Cortisol a Treatment for Heroin Addiction?

Megan Brooks

July 29, 2015

Administering the stress hormone cortisol to heroin addicts may reduce craving for the drug, a small study suggests.

"Cortisol could be useful in treating addiction. At this point, however, the present study is a proof of concept that cortisol has an influence on craving. A potential clinical relevance has to be tested in further studies," co–lead investigator Dominique de Quervain, MD, director of the Division of Cognitive Neuroscience, at the University of Basel, in Switzerland, told Medscape Medical News.

The study was published online July 28 in Translational Psychiatry.

The investigators tested the effects of cortisol on heroin cravings in a double-blind, placebo-controlled crossover study involving 29 heroin-dependent adults in a stable heroin-assisted treatment program. The patients were given a 20-mg oral dose of cortisol or placebo 105 minutes before receiving a dose of heroin.

Cortisol administration cut heroin cravings by an average of 25% when compared with placebo, as determined on the basis of patient-reported visual analogue scales for craving, the researchers report.

However, this decrease was seen only in patients who were dependent on a relatively low dose of heroin (up to 305 mg/day) and not in patients dependent on higher doses. "It could be that higher doses of cortisol might have been needed, but we don't know," said Dr de Quervain.

Anxiety, anger, and withdrawal symptoms were not significantly affected by cortisol administration.

"We plan studies to examine whether cortisol can help patients reduce their heroin dosage or remain abstinent from heroin for longer," first author and co–lead investigator Marc Walter, PhD, chief physician at the Psychiatric University Clinics (UPK) Basel, told Medscape Medical News. The researchers will also see whether the inhibitory effect of cortisol on addictive cravings might also ease addiction to nicotine, alcohol, or gambling.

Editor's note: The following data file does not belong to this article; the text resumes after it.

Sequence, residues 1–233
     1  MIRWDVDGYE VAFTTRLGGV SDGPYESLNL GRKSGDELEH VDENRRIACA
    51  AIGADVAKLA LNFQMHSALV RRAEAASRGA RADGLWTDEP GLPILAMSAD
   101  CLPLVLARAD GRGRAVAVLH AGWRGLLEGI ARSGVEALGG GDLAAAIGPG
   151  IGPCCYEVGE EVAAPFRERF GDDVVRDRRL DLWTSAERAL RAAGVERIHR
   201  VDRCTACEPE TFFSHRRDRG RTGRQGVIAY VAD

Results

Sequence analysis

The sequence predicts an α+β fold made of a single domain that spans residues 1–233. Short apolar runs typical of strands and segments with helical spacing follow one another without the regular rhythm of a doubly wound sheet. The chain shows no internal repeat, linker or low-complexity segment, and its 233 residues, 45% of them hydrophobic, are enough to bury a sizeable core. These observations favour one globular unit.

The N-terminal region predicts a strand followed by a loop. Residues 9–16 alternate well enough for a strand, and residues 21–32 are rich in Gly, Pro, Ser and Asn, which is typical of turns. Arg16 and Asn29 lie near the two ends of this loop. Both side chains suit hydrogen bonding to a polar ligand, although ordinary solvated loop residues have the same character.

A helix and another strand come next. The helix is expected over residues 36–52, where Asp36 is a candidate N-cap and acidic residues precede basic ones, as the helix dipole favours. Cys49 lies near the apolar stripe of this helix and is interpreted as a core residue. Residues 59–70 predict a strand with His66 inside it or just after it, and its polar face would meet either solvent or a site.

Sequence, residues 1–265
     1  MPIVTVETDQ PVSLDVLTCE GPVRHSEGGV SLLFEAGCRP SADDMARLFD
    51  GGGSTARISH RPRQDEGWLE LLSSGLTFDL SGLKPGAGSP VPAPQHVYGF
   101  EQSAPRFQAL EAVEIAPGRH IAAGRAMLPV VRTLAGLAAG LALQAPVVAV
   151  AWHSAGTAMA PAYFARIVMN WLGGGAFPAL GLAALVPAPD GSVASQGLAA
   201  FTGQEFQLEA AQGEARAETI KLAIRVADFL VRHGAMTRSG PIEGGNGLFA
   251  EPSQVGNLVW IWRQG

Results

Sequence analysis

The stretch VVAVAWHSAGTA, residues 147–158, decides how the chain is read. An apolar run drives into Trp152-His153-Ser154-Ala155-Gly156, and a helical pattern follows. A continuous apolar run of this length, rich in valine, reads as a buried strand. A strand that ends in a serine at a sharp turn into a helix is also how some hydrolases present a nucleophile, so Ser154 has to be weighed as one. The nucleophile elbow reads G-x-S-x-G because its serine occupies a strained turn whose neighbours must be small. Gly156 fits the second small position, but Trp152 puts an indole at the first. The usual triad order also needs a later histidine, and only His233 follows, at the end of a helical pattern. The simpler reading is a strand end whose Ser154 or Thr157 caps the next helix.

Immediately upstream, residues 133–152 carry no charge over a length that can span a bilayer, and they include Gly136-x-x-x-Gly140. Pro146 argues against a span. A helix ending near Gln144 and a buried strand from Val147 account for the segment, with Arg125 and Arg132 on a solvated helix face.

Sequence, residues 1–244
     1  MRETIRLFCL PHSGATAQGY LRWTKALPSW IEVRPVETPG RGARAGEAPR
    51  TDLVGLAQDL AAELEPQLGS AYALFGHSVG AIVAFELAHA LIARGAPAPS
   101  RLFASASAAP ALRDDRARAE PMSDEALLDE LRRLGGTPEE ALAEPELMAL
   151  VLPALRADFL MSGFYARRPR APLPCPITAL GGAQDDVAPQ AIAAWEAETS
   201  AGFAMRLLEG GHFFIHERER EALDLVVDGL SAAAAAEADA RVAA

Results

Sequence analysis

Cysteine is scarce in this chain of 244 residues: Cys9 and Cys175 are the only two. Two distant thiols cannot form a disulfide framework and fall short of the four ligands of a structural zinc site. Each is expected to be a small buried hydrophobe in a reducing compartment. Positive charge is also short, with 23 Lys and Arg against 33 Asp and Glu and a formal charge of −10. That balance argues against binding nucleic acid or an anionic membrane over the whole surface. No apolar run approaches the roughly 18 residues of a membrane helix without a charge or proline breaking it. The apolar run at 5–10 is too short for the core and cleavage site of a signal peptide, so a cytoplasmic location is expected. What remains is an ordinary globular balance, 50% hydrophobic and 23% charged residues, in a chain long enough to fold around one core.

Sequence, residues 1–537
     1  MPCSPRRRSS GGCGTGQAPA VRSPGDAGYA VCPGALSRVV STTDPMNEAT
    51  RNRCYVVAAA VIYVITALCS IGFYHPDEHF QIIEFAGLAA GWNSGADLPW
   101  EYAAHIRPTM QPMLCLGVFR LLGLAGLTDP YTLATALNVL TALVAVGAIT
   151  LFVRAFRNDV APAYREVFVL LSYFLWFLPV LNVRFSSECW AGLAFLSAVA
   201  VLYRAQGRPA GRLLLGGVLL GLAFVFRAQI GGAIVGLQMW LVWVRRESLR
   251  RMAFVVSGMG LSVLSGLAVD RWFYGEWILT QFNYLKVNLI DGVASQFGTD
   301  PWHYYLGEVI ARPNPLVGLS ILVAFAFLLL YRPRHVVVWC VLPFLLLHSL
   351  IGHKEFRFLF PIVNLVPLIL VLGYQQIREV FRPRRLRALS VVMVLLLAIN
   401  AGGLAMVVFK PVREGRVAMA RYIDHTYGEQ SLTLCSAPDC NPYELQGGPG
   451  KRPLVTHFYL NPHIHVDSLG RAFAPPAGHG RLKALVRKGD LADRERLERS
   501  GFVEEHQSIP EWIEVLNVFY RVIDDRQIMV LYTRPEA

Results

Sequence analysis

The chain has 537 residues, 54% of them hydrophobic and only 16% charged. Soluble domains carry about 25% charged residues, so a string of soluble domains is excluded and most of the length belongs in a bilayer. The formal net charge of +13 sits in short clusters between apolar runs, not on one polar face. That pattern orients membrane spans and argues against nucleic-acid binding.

Stress has been shown to increase craving and the risk for relapse to opioid dependence. It is possible cortisol reduces craving by interfering with addiction memory, the researchers note.

Therapeutic Target?

"This study is interesting in two different ways, as it sheds new light on the hormone's ability to influence reward behaviors in humans and reveals the possible clinical potential of cortisol administration in addiction," Estrella Montoya, PhD, from the Department of Experimental Psychology, Utrecht University, the Netherlands, told Medscape Medical News.

Dr Montoya was not involved in the Swiss study but said the results are in line with her research in healthy persons, which showed that cortisol administration decreases the reactivity of the reward system and decreases reward drive (Montoya et al. Psychoneuroendocrinology. 2014;47:31-42).

"In my view, this is a promising avenue for research, as the new findings by Walter et al and our findings suggest that administration of cortisol might be a therapeutic target in addiction diseases," Dr Montoya said. "However, much more studies are needed before cortisol administration can become available as a pharmacological treatment in addiction," she noted.

The authors and Dr Montoya report no relevant financial relationships.

Transl Psychiatry. Published online July 28, 2015. Full text


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